2013 Shearn Writing Award Winners Named
Four students win $1,000 prizes for their papers
Papers on subjects ranging from random number generation to a 17th century nun-composer have earned four Southwestern students prizes of $1,000 each.
The four students are winners of the 2013 Shearn Writing Award, which was created in 2012 to recognize one exemplary student from each of the school’s four divisions. The 2013 winners are Ashley Kraft, Paris Nelson, Evan Rodriguez and Quinlyn Morrow.
Kraft won the award from the Division of Fine Arts for her paper titled “Lucrezia Vizzana: The Caged Bird Sings.”
“I have hardly ever seen such a good undergraduate paper,” said Thomas Howe, a professor of art history who assisted in judging the division’s submissions. “I was most impressed by the vivid and sophisticated way she analyzed the historical context in which the nun-composer lived, what it was like to be an aristocratic lady assigned to a convent, the politics and class system which existed within the context, and the way her composition interacted with the larger politics of the church and the world outside the convent.”
The division judged the papers anonymously to introduce students to the process of independent, anonymous peer review practiced in the academic world.
“The papers were read and critiqued solely on the basis of their content,” said Michael Cooper, professor of music and fellow Fine Arts Division judge. “Ashley’s paper was thus selected through a process that was both rigorous and thoroughly professional.”
Cooper said Kraft took on a topic in a fairly young subdiscipline of musical research, and one that has been dealt with only poorly by the senior scholars who have begun this line of inquiry. “She recognized the topic’s potential, did some important legwork and some difficult intellectual work, and presented her findings in a fashion that’s exceptionally strong − especially for an undergraduate,” Cooper said.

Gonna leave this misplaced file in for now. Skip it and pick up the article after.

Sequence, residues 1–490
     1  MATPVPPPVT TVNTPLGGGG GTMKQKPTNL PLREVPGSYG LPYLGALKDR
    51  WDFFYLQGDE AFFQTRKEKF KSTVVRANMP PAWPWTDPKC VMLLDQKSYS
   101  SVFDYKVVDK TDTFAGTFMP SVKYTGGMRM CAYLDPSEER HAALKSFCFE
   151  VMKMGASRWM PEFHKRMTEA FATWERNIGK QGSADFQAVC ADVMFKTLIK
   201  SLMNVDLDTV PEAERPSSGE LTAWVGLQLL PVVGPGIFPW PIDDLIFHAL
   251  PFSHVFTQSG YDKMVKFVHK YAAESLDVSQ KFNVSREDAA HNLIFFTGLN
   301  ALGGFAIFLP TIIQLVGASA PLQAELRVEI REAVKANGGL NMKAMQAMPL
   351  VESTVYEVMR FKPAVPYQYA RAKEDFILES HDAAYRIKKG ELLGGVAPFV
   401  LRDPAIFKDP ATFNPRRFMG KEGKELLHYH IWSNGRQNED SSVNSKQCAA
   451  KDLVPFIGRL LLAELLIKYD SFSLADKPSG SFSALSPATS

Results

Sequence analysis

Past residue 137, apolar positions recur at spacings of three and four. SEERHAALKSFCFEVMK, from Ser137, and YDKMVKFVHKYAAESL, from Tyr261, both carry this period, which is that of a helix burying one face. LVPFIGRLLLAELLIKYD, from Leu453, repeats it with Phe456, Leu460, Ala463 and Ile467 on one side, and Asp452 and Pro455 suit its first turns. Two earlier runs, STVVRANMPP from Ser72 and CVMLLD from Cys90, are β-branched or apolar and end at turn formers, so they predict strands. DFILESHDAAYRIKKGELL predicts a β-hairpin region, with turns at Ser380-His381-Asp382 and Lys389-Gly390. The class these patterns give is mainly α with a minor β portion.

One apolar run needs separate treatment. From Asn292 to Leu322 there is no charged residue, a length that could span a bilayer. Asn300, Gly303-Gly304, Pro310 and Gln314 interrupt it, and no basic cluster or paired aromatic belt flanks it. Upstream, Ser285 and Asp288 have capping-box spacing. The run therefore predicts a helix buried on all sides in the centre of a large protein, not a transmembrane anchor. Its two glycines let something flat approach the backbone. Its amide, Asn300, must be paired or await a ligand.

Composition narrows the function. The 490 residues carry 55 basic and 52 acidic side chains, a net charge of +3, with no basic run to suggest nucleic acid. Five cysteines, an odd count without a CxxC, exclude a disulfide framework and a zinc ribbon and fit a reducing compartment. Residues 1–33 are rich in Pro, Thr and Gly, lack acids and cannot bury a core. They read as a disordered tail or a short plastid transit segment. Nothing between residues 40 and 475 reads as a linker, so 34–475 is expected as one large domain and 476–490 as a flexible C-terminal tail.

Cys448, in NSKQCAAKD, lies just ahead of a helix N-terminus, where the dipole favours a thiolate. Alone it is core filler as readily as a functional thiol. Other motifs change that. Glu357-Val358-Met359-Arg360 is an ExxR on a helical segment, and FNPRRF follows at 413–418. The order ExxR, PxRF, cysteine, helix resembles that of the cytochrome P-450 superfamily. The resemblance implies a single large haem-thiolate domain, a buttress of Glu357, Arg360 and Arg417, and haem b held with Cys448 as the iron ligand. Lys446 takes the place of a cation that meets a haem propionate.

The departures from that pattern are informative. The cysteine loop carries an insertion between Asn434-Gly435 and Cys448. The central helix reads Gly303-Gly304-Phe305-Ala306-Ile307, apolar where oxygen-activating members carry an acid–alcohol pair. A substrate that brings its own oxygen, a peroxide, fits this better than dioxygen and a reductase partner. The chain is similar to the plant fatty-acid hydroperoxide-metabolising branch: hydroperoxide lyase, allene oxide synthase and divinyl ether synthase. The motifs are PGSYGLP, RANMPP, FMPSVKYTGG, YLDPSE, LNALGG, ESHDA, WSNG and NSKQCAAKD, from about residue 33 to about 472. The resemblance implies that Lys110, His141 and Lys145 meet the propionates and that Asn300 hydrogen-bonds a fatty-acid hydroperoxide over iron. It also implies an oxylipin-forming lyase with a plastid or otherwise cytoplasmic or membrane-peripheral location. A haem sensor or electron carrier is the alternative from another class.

Rodriguez received the award from the Division of Humanities for his paper titled“‘Won’t Bow, Don’t Know How’” about New Orleans Mardi Gras Indians. The paper was written for his Communication Studies capstone project under the direction of Davi Thornton, associate professor of communication studies.
“What especially impressed us about Evan’s paper was its intellectual daring,” said Elisabeth Piedmont-Marton, an associate professor of English who helped judged the papers. “His paper brought together very sophisticated theory and cultural criticism with a deep experiential engagement with his subject, the New Orleans Mardi Gras Indians. We believe that this kind of compelling work speaks to Southwestern’s core academic purpose, which is to encourage fearless intellectual pursuit that is also driven by a passionate engagement with the world.”
The Division of Humanities awarded honorable mentions to Jacob Brown, Andrea Gannon and Elise Riggs. “Each of these papers brought something special as well,” Piedmont-Marton said. “Elise for her scrupulous research and methodology; Jacob for the elegance and clarity of his prose; and Andrea for the sophistication and originality of her treatment of a canonical text.”
In the Division of Natural Sciences, Paris Nelson won for his paper titled “On Random Number Generation,” which was written for Suzanne Buchele’s Computer Systems course.
“When I read these papers, I looked for a big picture question, a reasoned and supported methodology and the student’s ability to ‘translate’ the technical science into a media that made sense for practice and purpose,” said Romi Burks, an associate professor of biology who was one of the judges. “A well-written paper should allow me to go and talk with someone else and do a reasonably good job of explaining what the student did, what they found and why one might care.”
Morrow won the award from the Division of Social Sciences for her paper titled “Does Support Effectiveness Vary as a Function of Self-Efficacy and Support Type?” Morrow did the research for the paper with fellow student Cristina Muyshont and wrote the paper for her capstone project under the direction of Eric Crockett, assistant professor of psychology. Crockett, Morrow and Muyshont plan to continue working on the paper in the fall and eventually submit it for publication.
“Quinlyn is a very talented writer who is gifted at clearly and succinctly presenting her ideas,” Crockett said. “I am very thankful to have been able to work with her.”